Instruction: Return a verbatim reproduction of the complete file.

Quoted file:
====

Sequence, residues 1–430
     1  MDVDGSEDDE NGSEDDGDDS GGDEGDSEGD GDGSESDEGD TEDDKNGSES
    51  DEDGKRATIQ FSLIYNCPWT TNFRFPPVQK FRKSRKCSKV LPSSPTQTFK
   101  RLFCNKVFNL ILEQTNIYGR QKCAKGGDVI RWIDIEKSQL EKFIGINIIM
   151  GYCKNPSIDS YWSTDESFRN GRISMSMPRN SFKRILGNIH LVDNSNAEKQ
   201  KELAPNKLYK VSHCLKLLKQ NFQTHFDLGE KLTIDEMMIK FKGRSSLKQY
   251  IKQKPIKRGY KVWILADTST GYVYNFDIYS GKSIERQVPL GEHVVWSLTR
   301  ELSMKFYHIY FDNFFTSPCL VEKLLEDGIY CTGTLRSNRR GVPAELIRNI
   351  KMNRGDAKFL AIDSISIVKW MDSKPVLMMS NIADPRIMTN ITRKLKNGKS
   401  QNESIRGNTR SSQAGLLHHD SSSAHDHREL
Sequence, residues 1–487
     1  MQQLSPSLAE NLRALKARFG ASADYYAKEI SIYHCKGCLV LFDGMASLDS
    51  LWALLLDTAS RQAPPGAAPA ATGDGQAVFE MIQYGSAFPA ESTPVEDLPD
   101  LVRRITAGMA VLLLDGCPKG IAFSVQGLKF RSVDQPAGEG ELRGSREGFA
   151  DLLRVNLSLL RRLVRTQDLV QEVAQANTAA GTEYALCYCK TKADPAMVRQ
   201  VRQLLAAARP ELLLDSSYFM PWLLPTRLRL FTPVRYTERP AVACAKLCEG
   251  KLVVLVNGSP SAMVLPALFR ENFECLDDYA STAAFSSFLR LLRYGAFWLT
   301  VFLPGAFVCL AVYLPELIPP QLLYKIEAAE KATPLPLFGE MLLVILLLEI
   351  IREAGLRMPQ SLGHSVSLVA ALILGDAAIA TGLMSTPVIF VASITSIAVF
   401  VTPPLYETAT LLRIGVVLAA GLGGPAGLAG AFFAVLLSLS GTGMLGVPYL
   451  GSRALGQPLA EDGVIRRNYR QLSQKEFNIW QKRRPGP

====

Sequence, residues 1–430
     1  MDVDGSEDDE NGSEDDGDDS GGDEGDSEGD GDGSESDEGD TEDDKNGSES
    51  DEDGKRATIQ FSLIYNCPWT TNFRFPPVQK FRKSRKCSKV LPSSPTQTFK
   101  RLFCNKVFNL ILEQTNIYGR QKCAKGGDVI RWIDIEKSQL EKFIGINIIM
   151  GYCKNPSIDS YWSTDESFRN GRISMSMPRN SFKRILGNIH LVDNSNAEKQ
   201  KELAPNKLYK VSHCLKLLKQ NFQTHFDLGE KLTIDEMMIK FKGRSSLKQY
   251  IKQKPIKRGY KVWILADTST GYVYNFDIYS GKSIERQVPL GEHVVWSLTR
   301  ELSMKFYHIY FDNFFTSPCL VEKLLEDGIY CTGTLRSNRR GVPAELIRNI
   351  KMNRGDAKFL AIDSISIVKW MDSKPVLMMS NIADPRIMTN ITRKLKNGKS
   401  QNESIRGNTR SSQAGLLHHD SSSAHDHREL
Sequence, residues 1–487
     1  MQQLSPSLAE NLRALKARFG ASADYYAKEI SIYHCKGCLV LFDGMASLDS
    51  LWALLLDTAS RQAPPGAAPA ATGDGQAVFE MIQYGSAFPA ESTPVEDLPD
   101  LVRRITAGMA VLLLDGCPKG IAFSVQGLKF RSVDQPAGEG ELRGSREGFA
   151  DLLRVNLSLL RRLVRTQDLV QEVAQANTAA GTEYALCYCK TKADPAMVRQ
   201  VRQLLAAARP ELLLDSSYFM PWLLPTRLRL FTPVRYTERP AVACAKLCEG
   251  KLVVLVNGSP SAMVLPALFR ENFECLDDYA STAAFSSFLR LLRYGAFWLT
   301  VFLPGAFVCL AVYLPELIPP QLLYKIEAAE KATPLPLFGE MLLVILLLEI
   351  IREAGLRMPQ SLGHSVSLVA ALILGDAAIA TGLMSTPVIF VASITSIAVF
   401  VTPPLYETAT LLRIGVVLAA GLGGPAGLAG AFFAVLLSLS GTGMLGVPYL
   451  GSRALGQPLA EDGVIRRNYR QLSQKEFNIW QKRRPGP